so our -- thank you. our goal is first and foremost to listen. we need to listen to people's experiences. that's what i first started doing when i visited farm workers in labor camps. we need to research science to establish scientific base positions. we need to educate and create public awareness to engage broad public involvement. we need advocacy to ensure broad public awareness and public engagement on issues. we need policy advocacy and implementation. we've heard today a lot about institutionalizing change. we need marketplace change to drive practical responses to identify problems. in collaboration with grassroots board that you just saw, it only took a desk and a phone that david brower from friends of the earth allowed me to sit at in his office in crowded room, we began our work.
>> good afternoon, ncamp may i help you. >> it's a grassroots organization in washington, d.c. >> that's a pretty crowded room. then we changed our name to beyond pesticides to better reflect the fact that continued reliance on it was unacceptable and unnecessary. we began and continued listening to victims. and this is where we heard the stories, you may remember, termite insecticide in the same family as ddt. and despite the fact it was supposed to attach itself to organic material and not invade people's homes. we got media attention. >> if you're a homeowner or thinking of buying a home, our next story is for you and your family. >> and then got bigger name attention. >> the truth could be far more startling, not just for ali, but
for the millions of americans who have come into contact with a group of powerful domestic pesticides that this doctor has found to have existed in mohammed alleyi's blood. his story is only the most visible of thousands like it. millions of american homes have been treated with a termite anti-pesticide called chloradane. >> we're talking about liver and kidney problems. >> however, because of a federal court decision was removed from the shelves this past april 15th. >> yes. so we eliminated a pesticide. a great victory.
a long story behind that. but again, media amplified our voice. we recognize that we were not just focusing on particular individual residues in our food, but there's -- there was a regulatory system out there that was not adequately protected. whether we're talking about food or whether we're talking about our homes. >> president bush today proposed legislation to make it easier to remove pesticides thought harmful from the market. re he referred to widespread public concern about apples and ebdc on fruit and vegetables. >> it is true that some of the public's perception is based on valid concerns about the government's slow and cumbersome process for removing pesticides from the market. and that's why we're here today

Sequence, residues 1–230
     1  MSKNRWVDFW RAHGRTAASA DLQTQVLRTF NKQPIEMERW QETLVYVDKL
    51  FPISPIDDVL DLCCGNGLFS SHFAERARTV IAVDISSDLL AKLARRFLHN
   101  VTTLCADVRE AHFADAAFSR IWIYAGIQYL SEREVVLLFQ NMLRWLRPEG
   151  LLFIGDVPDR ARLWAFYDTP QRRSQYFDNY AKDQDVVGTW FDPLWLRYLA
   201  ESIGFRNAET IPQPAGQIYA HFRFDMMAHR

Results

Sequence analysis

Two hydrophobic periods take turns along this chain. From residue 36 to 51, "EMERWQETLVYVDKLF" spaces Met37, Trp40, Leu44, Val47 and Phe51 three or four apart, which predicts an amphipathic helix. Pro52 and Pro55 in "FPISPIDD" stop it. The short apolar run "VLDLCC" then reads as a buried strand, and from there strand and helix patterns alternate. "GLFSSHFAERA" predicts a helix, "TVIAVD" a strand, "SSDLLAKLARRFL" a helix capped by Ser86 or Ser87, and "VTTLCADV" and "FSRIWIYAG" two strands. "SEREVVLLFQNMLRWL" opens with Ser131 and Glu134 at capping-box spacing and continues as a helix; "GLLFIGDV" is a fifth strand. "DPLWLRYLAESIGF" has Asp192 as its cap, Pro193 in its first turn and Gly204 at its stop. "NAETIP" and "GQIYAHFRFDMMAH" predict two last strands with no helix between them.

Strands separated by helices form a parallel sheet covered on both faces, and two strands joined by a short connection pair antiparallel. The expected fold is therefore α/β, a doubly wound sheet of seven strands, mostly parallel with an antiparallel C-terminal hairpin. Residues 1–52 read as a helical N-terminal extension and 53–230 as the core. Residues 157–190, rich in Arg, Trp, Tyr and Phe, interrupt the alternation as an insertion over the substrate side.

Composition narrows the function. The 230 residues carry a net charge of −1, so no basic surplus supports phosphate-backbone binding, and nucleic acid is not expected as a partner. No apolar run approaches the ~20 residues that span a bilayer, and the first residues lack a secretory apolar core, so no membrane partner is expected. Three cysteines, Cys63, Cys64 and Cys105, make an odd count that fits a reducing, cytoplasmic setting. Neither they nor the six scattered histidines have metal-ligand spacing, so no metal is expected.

to announce a major new initiative. >> environmentalists attacked the plan. criticism also came from another environmental group. the national coalition against misuse of pesticides. >> the president is more interested in calming public fears about pesticide than actually doing something substantive about it. in fact, the proposals, if implemented, for the most part would mean business as usual when in fact the public is calling for a dramatic change in safety of food in the grocery stores. >> but we bring people together. we bring scientists, policymakers and activists together and we discuss issues that go beyond food safety. board member nelson.
>> as consumers become aware in discerning about the meeting health impact of food in their diet, awareness of the impact on food workers and in particular farm workers becomes imperative. >> so it's not just about the residues in our food. it's about who produces our food. how it's harvested. who produces the chemicals used in our food production system. and it's about environmental justice. here we have the father -- some call the father of environmental justice, pat brian, talking about the connection back to the communities in cancer alley, louisiana. >> all these chemicals, if there's a risk of poisening the environment, then we -- we were the risk takers. poor people, people of color. we're the risk takers. it was an acceptable risk. what i'm saying is that we who are conscious have to look at the phenomenon of racism.